Property meltdown: Dungannon homes sink to £20K mark

THE property market meltdown has now pushed the price of Dungannon’s houses to as low as £20,000, meaning that for the financially secure, local homes can now be bought on a credit card.

In fact, the Dungannon District housing market is flooded with homes for under £50,000, when even a year ago such rock-bottom prices were rare.

One property website has as many as 14 local properties up for sale for less than £50,000.

The glut of super-cheap properties hitting the market indicates that prices are now more than 70 percent below their peak in 2007.

Among the cut-price bargains available to Dungannon District house-hunters and investors are a two bedroom end-terrace in Woodburn Crescent, which is on the market for £20,000, a two bedroom house in Moygashel Park with an asking price of £38,500, a two bedroom terrace house in Milltown Street ready to go under the hammer for £39,950, and a four-bedroom house in Mullenakill Park on offer for £42,000.

House prices in Northern Ireland are continuing to fall despite an increase in transactions, according to the latest figures.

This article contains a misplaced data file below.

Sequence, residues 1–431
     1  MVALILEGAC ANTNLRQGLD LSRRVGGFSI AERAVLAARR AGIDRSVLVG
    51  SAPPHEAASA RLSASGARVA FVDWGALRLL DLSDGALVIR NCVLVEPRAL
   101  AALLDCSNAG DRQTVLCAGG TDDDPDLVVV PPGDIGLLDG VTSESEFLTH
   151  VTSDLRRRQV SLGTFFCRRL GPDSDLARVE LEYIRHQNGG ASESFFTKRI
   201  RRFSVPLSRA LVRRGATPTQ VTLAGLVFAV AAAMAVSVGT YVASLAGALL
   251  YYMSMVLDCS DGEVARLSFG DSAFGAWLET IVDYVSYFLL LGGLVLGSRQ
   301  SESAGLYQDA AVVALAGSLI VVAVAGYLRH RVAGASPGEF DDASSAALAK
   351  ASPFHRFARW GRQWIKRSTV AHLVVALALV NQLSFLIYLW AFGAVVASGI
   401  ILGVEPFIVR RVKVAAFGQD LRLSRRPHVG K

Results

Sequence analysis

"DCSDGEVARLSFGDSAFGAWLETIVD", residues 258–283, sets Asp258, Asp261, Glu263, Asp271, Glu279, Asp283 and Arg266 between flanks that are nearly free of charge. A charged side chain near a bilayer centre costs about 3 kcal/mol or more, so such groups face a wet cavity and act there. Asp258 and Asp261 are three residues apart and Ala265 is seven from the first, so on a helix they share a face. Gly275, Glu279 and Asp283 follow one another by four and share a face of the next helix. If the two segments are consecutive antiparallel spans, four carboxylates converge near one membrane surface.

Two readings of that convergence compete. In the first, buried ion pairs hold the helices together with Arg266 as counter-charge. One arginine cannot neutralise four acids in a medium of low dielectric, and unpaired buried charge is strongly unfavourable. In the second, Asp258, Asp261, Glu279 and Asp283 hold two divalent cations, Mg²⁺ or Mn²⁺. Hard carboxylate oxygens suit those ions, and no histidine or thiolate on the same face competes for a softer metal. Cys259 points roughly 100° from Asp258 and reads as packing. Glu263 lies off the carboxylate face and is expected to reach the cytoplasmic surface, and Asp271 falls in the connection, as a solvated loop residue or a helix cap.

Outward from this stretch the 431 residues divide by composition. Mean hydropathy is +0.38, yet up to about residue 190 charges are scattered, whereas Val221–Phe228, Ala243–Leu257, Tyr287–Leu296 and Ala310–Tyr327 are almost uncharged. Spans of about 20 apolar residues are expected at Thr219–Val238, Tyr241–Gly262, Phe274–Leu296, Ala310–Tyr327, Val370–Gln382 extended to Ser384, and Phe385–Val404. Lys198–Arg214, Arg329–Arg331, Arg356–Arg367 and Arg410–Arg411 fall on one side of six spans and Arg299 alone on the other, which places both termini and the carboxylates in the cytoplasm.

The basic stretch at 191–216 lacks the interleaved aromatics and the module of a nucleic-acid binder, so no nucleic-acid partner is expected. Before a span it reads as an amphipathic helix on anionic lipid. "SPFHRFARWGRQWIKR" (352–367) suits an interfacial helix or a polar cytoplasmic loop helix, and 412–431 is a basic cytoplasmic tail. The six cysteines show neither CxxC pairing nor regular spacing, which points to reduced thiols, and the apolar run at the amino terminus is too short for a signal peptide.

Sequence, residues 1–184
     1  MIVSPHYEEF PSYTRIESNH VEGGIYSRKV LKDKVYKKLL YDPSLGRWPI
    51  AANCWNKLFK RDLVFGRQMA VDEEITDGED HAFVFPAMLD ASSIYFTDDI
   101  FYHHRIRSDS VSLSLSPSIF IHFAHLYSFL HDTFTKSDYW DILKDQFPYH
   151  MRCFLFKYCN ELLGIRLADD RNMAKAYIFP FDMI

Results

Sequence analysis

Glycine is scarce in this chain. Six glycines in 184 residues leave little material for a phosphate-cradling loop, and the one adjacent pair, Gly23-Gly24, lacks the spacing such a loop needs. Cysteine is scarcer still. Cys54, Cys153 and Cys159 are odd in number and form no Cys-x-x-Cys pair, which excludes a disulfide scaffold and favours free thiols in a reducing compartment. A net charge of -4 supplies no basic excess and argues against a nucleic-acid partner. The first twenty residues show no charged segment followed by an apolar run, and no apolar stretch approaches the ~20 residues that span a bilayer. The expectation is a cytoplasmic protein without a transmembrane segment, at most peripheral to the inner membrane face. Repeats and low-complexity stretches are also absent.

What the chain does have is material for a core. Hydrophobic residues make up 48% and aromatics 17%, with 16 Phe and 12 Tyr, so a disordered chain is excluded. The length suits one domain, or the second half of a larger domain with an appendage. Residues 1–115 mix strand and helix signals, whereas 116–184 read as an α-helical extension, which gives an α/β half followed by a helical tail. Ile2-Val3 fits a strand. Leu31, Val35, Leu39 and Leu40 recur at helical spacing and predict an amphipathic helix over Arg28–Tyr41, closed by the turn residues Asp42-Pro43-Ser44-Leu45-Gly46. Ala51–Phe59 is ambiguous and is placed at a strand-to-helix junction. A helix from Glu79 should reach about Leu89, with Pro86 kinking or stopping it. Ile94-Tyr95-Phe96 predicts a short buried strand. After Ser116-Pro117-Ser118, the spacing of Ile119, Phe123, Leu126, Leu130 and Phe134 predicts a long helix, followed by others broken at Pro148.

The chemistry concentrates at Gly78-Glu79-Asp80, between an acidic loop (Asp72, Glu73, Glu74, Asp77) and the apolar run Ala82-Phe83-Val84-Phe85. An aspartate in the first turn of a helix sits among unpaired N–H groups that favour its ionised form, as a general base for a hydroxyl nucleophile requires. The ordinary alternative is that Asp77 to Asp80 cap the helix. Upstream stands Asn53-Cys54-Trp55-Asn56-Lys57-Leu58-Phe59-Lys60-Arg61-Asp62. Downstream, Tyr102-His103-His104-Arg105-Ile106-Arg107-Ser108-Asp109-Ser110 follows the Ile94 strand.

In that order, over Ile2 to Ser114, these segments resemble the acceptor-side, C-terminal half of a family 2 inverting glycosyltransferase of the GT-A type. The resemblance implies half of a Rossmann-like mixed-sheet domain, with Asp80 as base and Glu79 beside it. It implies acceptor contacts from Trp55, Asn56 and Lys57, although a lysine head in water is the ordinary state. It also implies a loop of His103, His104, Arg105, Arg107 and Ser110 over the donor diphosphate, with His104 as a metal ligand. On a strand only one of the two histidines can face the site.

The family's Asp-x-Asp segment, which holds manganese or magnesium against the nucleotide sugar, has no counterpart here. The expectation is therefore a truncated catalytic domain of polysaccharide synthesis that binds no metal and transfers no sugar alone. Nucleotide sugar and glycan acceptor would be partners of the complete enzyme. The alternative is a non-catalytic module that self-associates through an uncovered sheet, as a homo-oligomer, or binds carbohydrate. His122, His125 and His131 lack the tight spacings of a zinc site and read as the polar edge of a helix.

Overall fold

House prices dropped by 13% last year. Between quarter three (July-September), and quarter four (October-December), residential property prices fell by 3%.

The Royal Institute of Chartered Surveyors and Ulster Bank survey said the overall pattern was likely to remain the same for the near future.

The report suggested transactions were up in the three months to the end of January.

They expect sales to rise in the next three months.

RICS Northern Ireland housing spokesman Tom McClelland said: “We will see some seasonal adjustments in the market, but on the whole, the overall pattern will remain largely the same for the foreseeable future due to the challenging micro and macro-economic conditions.

“Average prices will likely edge lower, with transactions volumes likely to rise modestly. However, it is not a uniform picture and some areas and property types will have different experiences.”

Derek Wilson of Ulster Bank said: “We remain strongly committed to the mortgage market in 2013 and to introducing measures to further support and enable borrowers, building on the £1.5bn we have lent into the Northern Ireland housing market in the last five years.”